Bacon and Capsicum Stir Fry

Long, Long Ago, Far, Far Away … There was a Chinese lunch spot near one of my clients. Many afternoons once the lunch rush was done, myself and my associates would wander in for lunch. (Thanks, Moses!)

One of the signature dishes was Fresh Bacon and Capsicum, I do so miss those days and those meals.

Moving along, I find myself at the local farm market, and in the freezer, there is fresh, thick-cut, uncured bacon. In the actual market are stoplight peppers and sashiko pepper. Seems like fate has decreed that I shall cook stir fry this night.

I’ll add extra sauce to make sure there is some liquid to spoon over the rice I’ll serve with this. Perhaps I’ll add a cold beer to round out the meal.

Onc can substitute smoked tofu to take this as a vegetarian dish.

From Wikipeida:

Stir frying (Chinese: 炒; pinyin: chǎo) is a Chinese cooking technique in which ingredients are fried in a small amount of very hot oil while being stirred or tossed in a wok. The technique originated in China and in recent centuries has spread into other parts of Asia and the West. It is similar to sautéing in Western cooking technique.

Scholars think that wok (or pan) frying may have been used as early as the Han dynasty (206 B.C. – 220 A.D.) for drying grain, not for cooking, but it was not until the Ming dynasty (1368–1644) that the wok reached its modern shape and allowed quick cooking in hot oil. Well into the 20th century, while only restaurants and affluent families could afford the oil and fuel needed for stir fry, the most widely used cooking techniques remained boiling and steaming. Stir fry cooking came to predominate over the course of the century as more people could afford oil and fuel, and in the West spread beyond Chinese communities.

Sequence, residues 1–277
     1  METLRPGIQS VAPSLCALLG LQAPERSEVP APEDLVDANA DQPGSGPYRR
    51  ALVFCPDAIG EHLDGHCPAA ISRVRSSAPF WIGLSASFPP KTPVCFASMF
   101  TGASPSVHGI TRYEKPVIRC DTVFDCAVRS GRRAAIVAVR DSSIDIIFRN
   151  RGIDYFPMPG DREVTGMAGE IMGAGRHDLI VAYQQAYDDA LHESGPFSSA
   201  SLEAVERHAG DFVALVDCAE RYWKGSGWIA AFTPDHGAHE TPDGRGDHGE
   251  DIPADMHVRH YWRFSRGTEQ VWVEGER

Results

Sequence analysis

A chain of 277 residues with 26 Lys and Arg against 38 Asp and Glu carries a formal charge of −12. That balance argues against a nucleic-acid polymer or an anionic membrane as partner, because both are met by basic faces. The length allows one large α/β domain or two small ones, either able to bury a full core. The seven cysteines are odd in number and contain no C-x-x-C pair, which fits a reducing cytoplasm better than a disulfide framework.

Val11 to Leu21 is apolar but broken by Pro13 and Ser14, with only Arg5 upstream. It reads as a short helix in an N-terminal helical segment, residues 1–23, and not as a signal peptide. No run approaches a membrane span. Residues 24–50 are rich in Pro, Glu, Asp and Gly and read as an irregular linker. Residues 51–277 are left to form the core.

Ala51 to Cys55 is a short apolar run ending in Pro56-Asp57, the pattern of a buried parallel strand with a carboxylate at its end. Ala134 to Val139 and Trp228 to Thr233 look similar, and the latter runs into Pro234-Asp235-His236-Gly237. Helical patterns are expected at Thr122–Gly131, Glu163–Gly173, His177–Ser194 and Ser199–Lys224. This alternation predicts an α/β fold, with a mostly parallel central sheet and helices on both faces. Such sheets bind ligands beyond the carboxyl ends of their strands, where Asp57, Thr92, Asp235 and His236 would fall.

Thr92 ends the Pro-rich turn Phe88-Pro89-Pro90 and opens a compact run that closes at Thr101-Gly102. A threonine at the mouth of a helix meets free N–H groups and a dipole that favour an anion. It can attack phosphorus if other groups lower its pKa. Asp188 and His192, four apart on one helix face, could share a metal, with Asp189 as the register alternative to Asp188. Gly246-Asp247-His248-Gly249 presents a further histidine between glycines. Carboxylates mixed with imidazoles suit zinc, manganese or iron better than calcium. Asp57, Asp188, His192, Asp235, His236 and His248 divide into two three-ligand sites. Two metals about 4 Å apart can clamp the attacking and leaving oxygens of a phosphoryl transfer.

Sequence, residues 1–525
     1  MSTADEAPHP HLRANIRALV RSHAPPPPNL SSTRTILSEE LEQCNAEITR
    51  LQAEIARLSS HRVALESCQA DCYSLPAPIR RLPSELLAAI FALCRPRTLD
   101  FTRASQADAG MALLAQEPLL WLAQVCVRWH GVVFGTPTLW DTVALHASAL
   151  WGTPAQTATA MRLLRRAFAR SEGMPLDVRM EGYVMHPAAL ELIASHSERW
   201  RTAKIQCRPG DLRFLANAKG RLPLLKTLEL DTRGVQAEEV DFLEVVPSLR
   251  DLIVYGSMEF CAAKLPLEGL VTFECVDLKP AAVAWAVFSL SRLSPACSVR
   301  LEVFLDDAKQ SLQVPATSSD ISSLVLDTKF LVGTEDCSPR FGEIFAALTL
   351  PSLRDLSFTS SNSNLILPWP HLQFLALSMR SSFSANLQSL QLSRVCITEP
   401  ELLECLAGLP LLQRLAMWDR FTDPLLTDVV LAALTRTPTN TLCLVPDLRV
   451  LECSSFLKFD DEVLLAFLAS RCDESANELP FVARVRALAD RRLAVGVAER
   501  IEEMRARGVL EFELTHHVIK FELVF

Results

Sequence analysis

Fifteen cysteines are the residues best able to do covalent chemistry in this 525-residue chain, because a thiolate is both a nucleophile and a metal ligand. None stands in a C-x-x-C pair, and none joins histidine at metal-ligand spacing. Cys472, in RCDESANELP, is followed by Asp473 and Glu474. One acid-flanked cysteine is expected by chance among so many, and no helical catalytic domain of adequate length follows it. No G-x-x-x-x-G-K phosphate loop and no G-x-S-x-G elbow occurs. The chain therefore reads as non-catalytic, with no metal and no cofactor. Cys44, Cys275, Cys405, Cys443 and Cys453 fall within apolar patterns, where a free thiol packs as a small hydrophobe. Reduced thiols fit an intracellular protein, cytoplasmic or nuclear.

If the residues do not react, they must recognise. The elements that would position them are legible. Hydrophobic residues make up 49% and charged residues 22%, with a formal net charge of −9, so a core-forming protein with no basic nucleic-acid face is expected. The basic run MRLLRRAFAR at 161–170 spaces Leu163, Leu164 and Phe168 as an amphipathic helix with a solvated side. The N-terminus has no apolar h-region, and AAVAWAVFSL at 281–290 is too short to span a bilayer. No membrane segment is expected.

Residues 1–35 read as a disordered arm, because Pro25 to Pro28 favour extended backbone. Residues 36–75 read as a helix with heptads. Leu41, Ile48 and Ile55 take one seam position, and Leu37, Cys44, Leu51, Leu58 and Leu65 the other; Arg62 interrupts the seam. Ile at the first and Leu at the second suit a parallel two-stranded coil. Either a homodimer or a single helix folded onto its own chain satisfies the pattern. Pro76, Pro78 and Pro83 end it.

Stir frying and Chinese food have been recommended as both healthy and appealing for their skillful use of vegetables, meats, and fish which are moderate in their fat content and sauces which are not overly rich, provided calories are kept at a reasonable level.

Bacon and Capsicum

A quick tasty stir fry. Can be made spicy.
Prep Time 10 mins
Cook Time 20 mins
Course Dinner, Lunch, Main Course
Cuisine American, Asian, Chinese, Indo-Chinese
Servings 4
Calories 172 kcal


  • 3 ea Bell Peppers Stoplight peppers for Color
  • 6 strips Bacon See the notes
  • 1 ea Onion See the notes
  • 1 tbsp Oil Avocado for high heat
  • 1 tbsp Soy Sauce Low Sodium
  • Kosher Salt To taste, See the notes


  • Wash and Seed peppers, cut to 1 inch squares
  • If using yellow onion, peel and cut to 1-inch petals
  • If using thick cut bacon cut to 1-inch squares (see notes)
  • In a large sautee pan, or wok, heat oil on medium high heat until it spiders
  • Add the onion and sear, after 30 seconds add the bacon and spread
  • After 2-3 minutes, (the bacon is 1/2 cooked) add the bell peppers
  • Stir and toss for 2-3 minutes, peppers should be tender-crisp
  • Add the soy sauce, continue to stir / toss, until the peppers and bacon are cooked and have a glossy look
  • Move to a serving platter and serve with a side of rice.


Let’s talk peppers; I add sashiko peppers and get a good blister on them. One can use various banana peppers, both sweet and hot; I like a bit of a bite in this dish.
BACON!!! –  When I can find it, I use pork belly in this and get a good sear from the wok, usually I wind up with a good quality thick-cut bacon.  I do try to avoid the wafer-thin, see-through, economy-sliced bacon. But, if it is what you have, it is as it is, the dish will still be great.
I’ve made this dish with chicken, beef, shrimp, but it truly is a BACON dish.
Onions, I try to use a bunch of washed and sliced (1-inch sections) green onions in this, but again a yellow onion will work just as well.
I have made a sauce similar to any of my noodle sauces (use the search bar, Luke!) in place of the straight soy sauce, but I am trying to keep this recipe quick and simple.
Salt, this all depends on the bacon, taste, season, and balance the taste.


Calories: 172kcalCarbohydrates: 1gProtein: 5gFat: 17gSaturated Fat: 5gTrans Fat: 1gCholesterol: 22mgSodium: 470mgPotassium: 77mgFiber: 1gSugar: 1gVitamin A: 36IUVitamin C: 1mgCalcium: 3mgIron: 1mg
Tried this recipe?Let us know how it was!

  Filed under: American, Asian, Indo-Chinese

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